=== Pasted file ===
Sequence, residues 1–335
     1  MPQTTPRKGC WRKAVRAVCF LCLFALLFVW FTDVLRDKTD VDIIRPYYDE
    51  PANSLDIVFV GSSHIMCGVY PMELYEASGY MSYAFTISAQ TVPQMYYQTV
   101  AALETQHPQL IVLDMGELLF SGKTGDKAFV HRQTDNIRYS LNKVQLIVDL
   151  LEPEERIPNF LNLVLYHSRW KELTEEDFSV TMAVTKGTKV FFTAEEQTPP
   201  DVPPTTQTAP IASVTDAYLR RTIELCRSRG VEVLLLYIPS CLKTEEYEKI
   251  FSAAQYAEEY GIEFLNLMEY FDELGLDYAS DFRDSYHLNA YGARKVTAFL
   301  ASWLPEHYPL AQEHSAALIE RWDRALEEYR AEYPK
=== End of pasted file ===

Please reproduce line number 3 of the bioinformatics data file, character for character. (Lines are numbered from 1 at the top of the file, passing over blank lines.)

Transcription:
    51  PANSLDIVFV GSSHIMCGVY PMELYEASGY MSYAFTISAQ TVPQMYYQTV